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« Reply to Waters: On Social Bonds | Main | Reply to Bousquet: Humanity and Anthropocentrism »

Of Heterogeneity, Species-Being and Ontological Foundations

Thanks for your responses, Martin, but allow me to push you a bit further on this legal aspect. I hasten to add I am doing so from a purely theoretical and political perspective since I have no juridical expertise (hopefully we may get such insights from other participants before the end of the symposium). I have decided to make a new post rather than add a comment to the original post to keep the discussion open and visible to all participants. Parts of this post were originally in a follow-up to Nate but that has seemingly disappeared down a cyber black hole and I have reworked it quite a bit here.

You are absolutely right that the crux of the debate rests on how one defines ‘humanity’ and if you broaden or modify it sufficiently it can continue being used without conflicting with a re-evaluation of the constitutive role of objects (I think you are being a bit unfair on Latour however since his Parliament of Things is not a call for a separate politics of objects but a re-imagination of politics as a whole in which all actants are included). Your claim to be engaged in “a battle for the definition of what species-being actually is” certainly suggests that you see your work as putting forward a specific understanding of humanity with the aspiration of seeing it carry through its political and legal implications. What troubles me is not so much that you should do so (it is a perfectly acceptable ontological position in itself) but that it seemingly jars with your prior commitment to heterogeneity.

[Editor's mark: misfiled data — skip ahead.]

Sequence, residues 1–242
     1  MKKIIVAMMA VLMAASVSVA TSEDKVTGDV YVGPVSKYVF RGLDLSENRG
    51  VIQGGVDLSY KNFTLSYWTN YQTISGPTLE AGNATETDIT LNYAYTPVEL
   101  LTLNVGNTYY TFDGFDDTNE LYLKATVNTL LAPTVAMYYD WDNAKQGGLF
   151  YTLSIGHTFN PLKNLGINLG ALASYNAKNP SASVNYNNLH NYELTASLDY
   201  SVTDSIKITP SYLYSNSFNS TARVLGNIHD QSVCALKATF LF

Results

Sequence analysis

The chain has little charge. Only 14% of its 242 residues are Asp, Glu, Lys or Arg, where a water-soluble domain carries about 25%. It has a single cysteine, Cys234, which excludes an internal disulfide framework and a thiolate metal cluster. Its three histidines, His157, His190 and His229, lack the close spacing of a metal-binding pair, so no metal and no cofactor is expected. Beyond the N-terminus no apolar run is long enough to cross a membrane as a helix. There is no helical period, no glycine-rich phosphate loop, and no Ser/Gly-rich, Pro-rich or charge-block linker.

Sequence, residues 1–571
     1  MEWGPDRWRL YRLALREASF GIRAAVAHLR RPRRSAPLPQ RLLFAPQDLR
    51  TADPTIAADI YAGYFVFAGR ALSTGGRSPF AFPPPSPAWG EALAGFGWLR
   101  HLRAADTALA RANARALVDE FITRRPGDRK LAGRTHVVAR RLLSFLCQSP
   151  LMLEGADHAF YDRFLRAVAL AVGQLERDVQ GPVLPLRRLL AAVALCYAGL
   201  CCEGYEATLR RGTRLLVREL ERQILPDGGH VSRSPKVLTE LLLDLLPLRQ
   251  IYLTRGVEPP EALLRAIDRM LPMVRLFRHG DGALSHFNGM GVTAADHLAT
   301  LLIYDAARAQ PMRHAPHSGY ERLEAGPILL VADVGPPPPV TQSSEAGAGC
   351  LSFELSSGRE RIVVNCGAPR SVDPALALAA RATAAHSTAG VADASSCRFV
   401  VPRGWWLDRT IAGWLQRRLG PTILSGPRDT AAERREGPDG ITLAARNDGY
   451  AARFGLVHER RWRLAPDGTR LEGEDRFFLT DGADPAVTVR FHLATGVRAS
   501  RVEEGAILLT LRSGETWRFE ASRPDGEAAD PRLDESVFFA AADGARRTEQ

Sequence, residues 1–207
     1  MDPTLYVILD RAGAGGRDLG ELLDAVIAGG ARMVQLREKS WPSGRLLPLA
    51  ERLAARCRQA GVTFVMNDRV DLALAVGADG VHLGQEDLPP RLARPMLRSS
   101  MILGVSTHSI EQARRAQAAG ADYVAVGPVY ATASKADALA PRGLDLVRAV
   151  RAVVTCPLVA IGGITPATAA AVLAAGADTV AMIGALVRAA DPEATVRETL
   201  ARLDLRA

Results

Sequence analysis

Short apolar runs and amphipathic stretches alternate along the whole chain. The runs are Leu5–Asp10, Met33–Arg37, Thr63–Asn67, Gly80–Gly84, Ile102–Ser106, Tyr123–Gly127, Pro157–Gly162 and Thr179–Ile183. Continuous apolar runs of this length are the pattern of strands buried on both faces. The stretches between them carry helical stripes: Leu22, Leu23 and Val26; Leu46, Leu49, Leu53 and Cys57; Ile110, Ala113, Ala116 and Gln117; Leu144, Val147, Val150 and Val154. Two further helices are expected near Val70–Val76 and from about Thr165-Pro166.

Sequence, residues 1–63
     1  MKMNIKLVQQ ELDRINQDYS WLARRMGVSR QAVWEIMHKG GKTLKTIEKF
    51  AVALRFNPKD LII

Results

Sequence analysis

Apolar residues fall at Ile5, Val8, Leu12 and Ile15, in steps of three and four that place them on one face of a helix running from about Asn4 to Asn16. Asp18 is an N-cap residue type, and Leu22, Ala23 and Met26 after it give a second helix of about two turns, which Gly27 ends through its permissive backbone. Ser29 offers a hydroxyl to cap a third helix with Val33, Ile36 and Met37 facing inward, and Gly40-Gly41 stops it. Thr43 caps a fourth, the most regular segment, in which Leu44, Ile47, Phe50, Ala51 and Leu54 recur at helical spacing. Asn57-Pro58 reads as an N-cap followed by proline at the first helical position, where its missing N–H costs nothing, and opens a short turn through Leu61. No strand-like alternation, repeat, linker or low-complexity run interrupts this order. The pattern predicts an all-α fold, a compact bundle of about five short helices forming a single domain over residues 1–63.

Indeed, to my mind, the heterogeneity you are putting forward in the context of your proposed departure from anthropocentrism necessarily problematises not only the notion of political community (whose membership and boundaries cannot be seen as closed or uncontested without constraining heterogeneity within a broader homogeneity) but also that of humanity itself. The intense debate and controversy surrounding abortion and euthanasia are evidence that the inside/outside delineation of humanity and the entitlements (legal or otherwise) that go with it are never settled and always subject to political contestation (one might also think how in other times certain ethnic groups were excluded from membership of humanity). The present discussion about the role of objects is, as you point out, another manifestation of this contest.

Yet law inescapably rests upon an established and settled understanding of rights-holders that entails a curtailment of heterogeneity in order for it to be applicable within a defined community (humanity in this case). Should your wish to see urbicide enter into international law be thus understood as a desire for a specific fixed species-being to be legally enshrined? And does this not undermine the original impulse towards the recognition of heterogeneity that grounds your project by foreclosing the inclusion of other forms of being? Does this not imply that the heterogeneity you defend is one that is constrained within the boundaries of a common homogeneous species-being? In other words and at the most basic philosophical level, I don’t think you can simultaneously adopt both heterogeneity (or difference-in-itself as with Deleuze) and a specific fixed understanding of species-being as your foundational ontological assumptions.

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